City-County Council OKs $24M in additional public works spending

The Indianapolis City-County Council on Monday unanimously approved a proposal to spend an extra $24 million on public works infrastructure projects, including an expanded street-sweeping program that will tackle streets that haven’t been cleaned in decades.

But some council members voted for the measure despite their previously expressed frustration that the proposal also would transfer $300,000 out of the city’s parking meter fund to eventually pay for new initiatives from Mayor Joe Hogsett that seek to curb homelessness and panhandling.

The plan for the city’s Department of Public Works includes an additional $14 million to spend on road and bridge projects that are part of the city’s annual infrastructure plan. It also spends an extra $3 million on the mayor’s neighborhood streetlight program, nearly $5 million for purchasing new DPW equipment, and $2 million for the street-sweeping initiative.

The expanded street-sweeping program will make a formerly outsourced operation into a Department of Public Works operation, allowing the department to hire 20 additional full-time employees.

“Areas that haven’t been swept in nearly two decades are going to see street-sweeping,” said Council Vice President Zach Adamson. “It’s an integral part of maintaining our existing infrastructure.”

Under the plan, downtown and Broad Ripple streets will be swept four times per week. Streets in the city’s combined sewer overflow areas would be swept twice per month, and major thoroughfares, trails and bike lanes, would be swept every other month. 

Combined sewer overflow areas are places where raw sewage combines with stormwater during heavy rains, causing a public health threat. Combined sewers exist in many of Indianapolis’ older neighborhoods near waterways such as White River, Fall Creek, Eagle Creek, Pleasant Run, Bean Creek and Pogues Run, according to Citizens Energy Group.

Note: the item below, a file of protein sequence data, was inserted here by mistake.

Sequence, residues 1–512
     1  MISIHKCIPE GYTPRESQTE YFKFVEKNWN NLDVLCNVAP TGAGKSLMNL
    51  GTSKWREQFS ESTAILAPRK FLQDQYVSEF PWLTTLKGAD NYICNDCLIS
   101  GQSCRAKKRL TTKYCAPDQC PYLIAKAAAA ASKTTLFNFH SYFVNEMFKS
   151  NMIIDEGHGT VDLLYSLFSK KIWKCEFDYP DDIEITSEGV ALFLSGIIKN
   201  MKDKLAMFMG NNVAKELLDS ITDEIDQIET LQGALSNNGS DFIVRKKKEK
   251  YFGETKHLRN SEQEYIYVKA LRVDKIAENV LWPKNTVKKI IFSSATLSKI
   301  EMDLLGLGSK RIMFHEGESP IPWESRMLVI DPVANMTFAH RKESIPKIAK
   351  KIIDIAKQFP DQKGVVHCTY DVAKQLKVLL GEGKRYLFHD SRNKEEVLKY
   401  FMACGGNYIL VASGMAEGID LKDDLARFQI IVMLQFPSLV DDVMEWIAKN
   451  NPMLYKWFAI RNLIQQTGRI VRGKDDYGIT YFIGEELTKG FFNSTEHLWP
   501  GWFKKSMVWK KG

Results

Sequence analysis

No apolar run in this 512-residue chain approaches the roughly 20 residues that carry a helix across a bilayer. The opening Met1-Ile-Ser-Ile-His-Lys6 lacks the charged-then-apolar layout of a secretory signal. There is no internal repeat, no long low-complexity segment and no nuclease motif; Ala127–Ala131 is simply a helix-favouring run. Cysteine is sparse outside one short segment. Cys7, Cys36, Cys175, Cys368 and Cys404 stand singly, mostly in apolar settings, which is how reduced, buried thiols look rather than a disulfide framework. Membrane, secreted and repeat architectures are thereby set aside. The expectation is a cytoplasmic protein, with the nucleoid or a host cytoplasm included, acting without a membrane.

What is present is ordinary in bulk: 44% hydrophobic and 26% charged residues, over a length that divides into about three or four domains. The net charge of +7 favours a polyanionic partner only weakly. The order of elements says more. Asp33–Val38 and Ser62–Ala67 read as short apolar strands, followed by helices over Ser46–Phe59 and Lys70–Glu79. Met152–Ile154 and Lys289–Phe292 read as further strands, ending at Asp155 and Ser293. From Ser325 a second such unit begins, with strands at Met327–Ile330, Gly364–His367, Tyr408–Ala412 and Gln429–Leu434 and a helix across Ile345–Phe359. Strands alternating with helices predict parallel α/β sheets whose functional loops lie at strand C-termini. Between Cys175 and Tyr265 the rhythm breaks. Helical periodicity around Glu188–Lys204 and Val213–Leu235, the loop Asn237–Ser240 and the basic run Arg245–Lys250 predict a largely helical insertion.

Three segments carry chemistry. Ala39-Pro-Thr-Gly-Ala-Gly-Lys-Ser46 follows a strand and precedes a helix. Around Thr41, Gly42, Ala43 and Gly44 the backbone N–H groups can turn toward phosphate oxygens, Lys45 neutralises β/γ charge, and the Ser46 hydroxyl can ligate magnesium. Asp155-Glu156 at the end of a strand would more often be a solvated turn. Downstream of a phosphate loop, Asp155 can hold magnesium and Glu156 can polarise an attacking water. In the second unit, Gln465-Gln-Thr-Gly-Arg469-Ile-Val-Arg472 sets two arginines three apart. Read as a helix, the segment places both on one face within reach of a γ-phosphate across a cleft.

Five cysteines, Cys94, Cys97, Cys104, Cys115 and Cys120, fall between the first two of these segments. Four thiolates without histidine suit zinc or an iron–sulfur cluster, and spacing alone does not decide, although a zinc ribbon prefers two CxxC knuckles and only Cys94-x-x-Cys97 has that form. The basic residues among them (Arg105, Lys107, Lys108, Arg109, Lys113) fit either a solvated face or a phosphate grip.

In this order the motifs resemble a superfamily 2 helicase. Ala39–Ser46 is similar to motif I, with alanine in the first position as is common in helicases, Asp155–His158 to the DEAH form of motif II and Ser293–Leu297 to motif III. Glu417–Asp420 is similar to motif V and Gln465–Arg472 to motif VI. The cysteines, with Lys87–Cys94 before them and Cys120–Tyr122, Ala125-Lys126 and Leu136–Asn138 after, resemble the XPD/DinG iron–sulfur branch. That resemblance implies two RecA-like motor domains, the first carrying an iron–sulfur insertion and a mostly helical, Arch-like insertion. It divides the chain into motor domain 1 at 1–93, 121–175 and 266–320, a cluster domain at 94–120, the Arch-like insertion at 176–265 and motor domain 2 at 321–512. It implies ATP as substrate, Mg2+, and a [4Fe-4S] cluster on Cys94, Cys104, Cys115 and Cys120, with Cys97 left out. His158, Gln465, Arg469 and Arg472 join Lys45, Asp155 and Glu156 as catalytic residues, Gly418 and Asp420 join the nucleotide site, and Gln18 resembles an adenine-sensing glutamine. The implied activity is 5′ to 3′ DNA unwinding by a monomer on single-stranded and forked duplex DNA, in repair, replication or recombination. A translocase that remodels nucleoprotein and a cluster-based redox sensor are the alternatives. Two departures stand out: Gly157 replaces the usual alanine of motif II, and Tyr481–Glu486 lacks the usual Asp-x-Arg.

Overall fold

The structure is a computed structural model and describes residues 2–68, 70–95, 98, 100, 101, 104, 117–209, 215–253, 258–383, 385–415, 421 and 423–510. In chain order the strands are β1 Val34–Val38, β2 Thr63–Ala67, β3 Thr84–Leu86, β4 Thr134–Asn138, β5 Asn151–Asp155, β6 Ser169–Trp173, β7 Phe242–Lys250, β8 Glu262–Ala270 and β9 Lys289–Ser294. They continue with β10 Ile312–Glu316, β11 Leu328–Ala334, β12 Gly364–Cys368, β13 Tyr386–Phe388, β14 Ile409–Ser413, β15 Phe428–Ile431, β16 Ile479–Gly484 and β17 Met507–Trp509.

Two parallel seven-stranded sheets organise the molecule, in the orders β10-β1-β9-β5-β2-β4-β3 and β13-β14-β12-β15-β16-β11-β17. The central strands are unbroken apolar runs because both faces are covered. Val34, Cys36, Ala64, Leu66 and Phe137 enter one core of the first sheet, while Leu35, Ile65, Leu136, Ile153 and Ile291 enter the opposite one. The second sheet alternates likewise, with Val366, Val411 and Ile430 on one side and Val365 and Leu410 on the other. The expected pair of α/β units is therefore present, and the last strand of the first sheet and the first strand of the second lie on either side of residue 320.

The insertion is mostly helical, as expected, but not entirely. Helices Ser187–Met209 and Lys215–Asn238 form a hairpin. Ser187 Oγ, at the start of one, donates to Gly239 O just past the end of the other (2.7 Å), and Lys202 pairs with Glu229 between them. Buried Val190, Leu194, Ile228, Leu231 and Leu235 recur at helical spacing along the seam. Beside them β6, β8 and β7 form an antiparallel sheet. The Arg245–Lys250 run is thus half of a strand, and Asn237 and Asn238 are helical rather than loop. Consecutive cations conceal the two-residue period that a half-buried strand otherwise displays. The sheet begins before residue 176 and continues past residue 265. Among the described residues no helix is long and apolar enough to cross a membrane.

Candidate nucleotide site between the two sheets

The sweeping program will be funded through a contract with Citizens Energy Group, by redirecting money from an existing private contract, and through the transfer from the city’s parking meter fund.

Citizens Energy Group will pay the city at least $725,000 annually for five years since it is responsible for maintaining certain infrastructure in combined sewer overflow areas. 

The city’s $700,000 annual contract with a vendor to perform current street-sweeping tasks ends in March, and those funds will be redirected to the program.

The rest will come from a $500,000 transfer from the city’s parking meter fund, which is expected to have an extra $800,000 in it later this year after city officials expanded fee-collection hours.

But the somewhat controversial part of the proposal is a measure that transfers $300,000 out of the parking meter fund to a county general fund to eventually pay for the mayor’s  anti-homelessness initiative. 

Typically, parking meter funds are dedicated to transportation infrastructure initiatives, not for social programs. 

State and local laws are “very specific on what can be spent out of the parking meter fund and homelessness is not one of them,” council CFO Bart Brown said at a Jan. 17 public works committee meeting.

But, Brown said, those codes also state that unused funds in the parking meter fund can be transferred to any general fund. 

Republican Jefferson Shreve and Democrat Christine Scales were among council members who criticized that move earlier this month.

Shreve suggested city officials did not initially realize parking meter funds couldn’t be directly spent on homelessness initiatives and said “I think we’re trying to come up with a workaround excuse.”

“We’ve made this so complicated and messy,” he said. 

Council President Vop Osili told Shreve that “the unfortunate thing is, homelessness and panhandling are messy.”

“It is not linear as I’m sure you would have liked, but if we are not intentional about funding initiatives that address an amazingly large problem then we’ll continue to face that,” Osili said. “If we don’t do it, then I think we [will fail to live up to the] expectations that our community has for municipal government.”

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